Buying a mortgage, like buying a car, is an intimidating process for someone who's unprepared; every broker wants you as their next client, and they will enthusiastically (or aggressively) offer you discounts, freebies, and other things that will appear to sweeten the deal. One of the most common ways to offer a discount is to include mortgage points in the offer. The points are prepaid interest, equal to one percent of your mortgage amount, which you pay upfront in exchange for a lower rate during the rest of your loan period. If you're planning to stay in your home for the long haul, points can help you; but if you're not going to mathematically benefit from purchasing points, then they're not a deal - even though they might appear to be in the advertising.
Similarly, it's asking for trouble only to look at interest rates when comparing mortgages. One company may offer no points, but will charge several thousand dollars worth of origination fees and activation costs that end up making them more expensive than their competitors who require discount points. Part of the reason why APRs are so helpful is that they take these costs into account when calculating the adjusted interest rate you'd actually pay. Make sure that, realistically, you're able to pay off your mortgage. A suspiciously low interest rate on a big house can be a trap that can turn into a debt-producing nightmare down the road.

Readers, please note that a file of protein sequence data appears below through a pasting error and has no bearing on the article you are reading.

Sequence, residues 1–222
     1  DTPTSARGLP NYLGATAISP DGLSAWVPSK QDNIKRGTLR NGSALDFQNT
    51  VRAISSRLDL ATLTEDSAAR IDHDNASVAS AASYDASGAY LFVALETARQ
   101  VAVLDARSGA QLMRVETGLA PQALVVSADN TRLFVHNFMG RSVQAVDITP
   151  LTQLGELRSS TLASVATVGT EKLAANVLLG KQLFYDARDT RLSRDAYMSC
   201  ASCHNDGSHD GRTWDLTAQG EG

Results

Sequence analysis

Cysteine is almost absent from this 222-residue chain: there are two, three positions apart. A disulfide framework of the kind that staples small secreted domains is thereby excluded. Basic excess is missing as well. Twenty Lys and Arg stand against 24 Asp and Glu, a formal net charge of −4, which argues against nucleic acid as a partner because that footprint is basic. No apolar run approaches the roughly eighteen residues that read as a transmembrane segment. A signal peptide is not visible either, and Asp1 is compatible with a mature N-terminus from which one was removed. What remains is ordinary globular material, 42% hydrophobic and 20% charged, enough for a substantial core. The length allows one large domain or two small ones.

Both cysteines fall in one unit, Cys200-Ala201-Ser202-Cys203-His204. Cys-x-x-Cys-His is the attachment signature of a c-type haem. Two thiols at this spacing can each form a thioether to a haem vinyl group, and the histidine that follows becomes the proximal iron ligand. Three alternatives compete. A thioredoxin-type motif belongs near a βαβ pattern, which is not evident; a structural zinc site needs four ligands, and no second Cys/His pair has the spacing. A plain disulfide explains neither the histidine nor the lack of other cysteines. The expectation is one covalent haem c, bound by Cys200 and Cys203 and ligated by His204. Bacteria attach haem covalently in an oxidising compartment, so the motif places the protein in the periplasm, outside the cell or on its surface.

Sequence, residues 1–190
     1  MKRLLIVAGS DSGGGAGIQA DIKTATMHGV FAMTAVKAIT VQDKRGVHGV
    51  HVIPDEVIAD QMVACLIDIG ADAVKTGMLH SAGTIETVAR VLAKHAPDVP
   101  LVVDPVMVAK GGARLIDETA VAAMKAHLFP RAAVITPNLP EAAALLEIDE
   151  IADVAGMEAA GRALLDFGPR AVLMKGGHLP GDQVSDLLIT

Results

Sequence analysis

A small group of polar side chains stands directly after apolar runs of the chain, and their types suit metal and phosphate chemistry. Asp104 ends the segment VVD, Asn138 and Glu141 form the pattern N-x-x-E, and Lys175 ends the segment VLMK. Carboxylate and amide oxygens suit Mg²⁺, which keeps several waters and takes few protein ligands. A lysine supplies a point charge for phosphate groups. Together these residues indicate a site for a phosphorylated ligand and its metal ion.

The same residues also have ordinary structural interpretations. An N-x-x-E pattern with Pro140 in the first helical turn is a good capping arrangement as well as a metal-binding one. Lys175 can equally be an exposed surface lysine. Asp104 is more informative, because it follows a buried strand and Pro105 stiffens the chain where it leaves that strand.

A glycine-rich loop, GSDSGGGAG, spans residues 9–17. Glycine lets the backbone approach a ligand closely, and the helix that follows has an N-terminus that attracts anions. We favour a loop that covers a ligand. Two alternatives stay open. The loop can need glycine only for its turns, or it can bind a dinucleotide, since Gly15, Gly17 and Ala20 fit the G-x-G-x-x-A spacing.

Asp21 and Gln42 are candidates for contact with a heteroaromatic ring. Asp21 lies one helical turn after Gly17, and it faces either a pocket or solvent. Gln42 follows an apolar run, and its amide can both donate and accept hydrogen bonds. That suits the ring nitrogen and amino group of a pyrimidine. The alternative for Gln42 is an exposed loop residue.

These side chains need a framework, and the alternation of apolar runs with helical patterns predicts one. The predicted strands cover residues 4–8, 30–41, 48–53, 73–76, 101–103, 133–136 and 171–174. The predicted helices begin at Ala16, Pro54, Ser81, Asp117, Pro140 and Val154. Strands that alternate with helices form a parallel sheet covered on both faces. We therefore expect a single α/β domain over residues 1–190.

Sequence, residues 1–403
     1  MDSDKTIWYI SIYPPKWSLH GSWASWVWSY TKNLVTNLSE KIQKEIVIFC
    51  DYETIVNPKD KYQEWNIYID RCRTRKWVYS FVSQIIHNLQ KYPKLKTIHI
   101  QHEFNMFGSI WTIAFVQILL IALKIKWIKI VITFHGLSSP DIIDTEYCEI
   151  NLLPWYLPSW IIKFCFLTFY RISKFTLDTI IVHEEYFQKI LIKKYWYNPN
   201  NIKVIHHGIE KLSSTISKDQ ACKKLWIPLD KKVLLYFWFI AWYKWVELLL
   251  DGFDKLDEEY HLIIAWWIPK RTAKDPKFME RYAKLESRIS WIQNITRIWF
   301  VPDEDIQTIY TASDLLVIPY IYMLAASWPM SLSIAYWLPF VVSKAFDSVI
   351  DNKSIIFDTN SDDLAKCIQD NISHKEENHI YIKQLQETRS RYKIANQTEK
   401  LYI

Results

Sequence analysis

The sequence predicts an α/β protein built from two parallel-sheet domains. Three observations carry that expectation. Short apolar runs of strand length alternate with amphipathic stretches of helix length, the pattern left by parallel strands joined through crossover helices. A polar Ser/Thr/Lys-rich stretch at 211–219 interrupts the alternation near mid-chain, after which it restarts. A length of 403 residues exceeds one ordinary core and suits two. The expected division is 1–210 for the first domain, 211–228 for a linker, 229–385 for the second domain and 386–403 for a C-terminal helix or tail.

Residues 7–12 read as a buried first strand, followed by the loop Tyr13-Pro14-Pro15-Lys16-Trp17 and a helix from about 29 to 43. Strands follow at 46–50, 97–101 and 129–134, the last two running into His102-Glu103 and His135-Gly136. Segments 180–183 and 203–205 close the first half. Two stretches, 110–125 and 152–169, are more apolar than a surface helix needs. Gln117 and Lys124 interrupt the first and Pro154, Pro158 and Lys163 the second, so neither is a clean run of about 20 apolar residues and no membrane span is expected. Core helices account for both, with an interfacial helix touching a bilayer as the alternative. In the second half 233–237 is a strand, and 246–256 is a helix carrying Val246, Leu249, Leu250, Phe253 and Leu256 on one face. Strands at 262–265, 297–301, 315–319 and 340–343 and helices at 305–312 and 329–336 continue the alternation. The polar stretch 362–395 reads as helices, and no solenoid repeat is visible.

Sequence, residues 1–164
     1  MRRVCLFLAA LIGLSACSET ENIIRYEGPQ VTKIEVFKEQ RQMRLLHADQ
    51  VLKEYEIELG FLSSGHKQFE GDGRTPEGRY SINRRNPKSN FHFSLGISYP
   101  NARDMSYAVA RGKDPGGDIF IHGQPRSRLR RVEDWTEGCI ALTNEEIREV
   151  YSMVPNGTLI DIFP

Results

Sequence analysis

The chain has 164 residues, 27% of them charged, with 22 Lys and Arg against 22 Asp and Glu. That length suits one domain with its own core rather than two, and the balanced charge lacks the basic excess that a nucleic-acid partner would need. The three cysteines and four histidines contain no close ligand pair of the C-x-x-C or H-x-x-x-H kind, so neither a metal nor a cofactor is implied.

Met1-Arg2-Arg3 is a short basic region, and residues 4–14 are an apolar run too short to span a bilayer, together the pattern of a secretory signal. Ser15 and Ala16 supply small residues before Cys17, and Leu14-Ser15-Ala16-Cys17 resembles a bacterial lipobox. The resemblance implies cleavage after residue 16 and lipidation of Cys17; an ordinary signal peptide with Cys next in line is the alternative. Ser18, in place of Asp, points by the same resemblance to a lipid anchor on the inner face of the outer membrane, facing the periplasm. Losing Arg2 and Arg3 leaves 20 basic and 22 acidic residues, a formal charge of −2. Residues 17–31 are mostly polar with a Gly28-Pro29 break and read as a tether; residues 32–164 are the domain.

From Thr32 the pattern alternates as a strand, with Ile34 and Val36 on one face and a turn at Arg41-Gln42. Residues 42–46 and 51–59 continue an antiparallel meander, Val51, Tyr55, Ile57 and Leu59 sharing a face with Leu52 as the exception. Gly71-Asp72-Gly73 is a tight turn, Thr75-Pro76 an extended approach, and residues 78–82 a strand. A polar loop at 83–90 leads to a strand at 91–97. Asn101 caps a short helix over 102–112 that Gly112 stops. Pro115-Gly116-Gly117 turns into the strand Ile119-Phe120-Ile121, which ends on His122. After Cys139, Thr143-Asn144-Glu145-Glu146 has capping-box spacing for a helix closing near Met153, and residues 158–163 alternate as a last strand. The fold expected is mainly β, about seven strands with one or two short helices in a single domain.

5. Be Realistic About What You Can Afford
It can be tempting to start house hunting as soon as you get the impulse, but it's important to remain realistic about what you can afford to pay. Many people dream of their ideal house, but will not be able to afford it in their first round of home ownership. Lenders typically advise that most people can afford a house that is worth about three times their gross annual income, but you should always do your own budgeting before taking that number at its word; can you truly afford to spend 30-45 percent of each month's income on your mortgage bill? Are you also paying off other loans, like student loans or car payments?
If you do decide to apply for a mortgage loan, the lender will look at your credit history to determine what they can offer you. If you have a great credit history, you may qualify for a lower interest rate; if you have a low credit score, the lender may either give you a very large interest rate or just deny you the loan. It's also important that you're able to pay for a portion of the house's value upfront; a down payment of at least 10 to 20 percent is standard.
For help in finding a great mortgage option, complete our online mortgage loan solutions form and our free matching service will instantly locate the highly rated solutions available. You can also call AmOne toll-free at 1-800-781-5187 to speak with one of our financial search specialists. Our offices are open Monday through Friday from 9:00 AM to 9:00 PM and on Saturday from 9:00 AM to 5:00 PM Eastern time.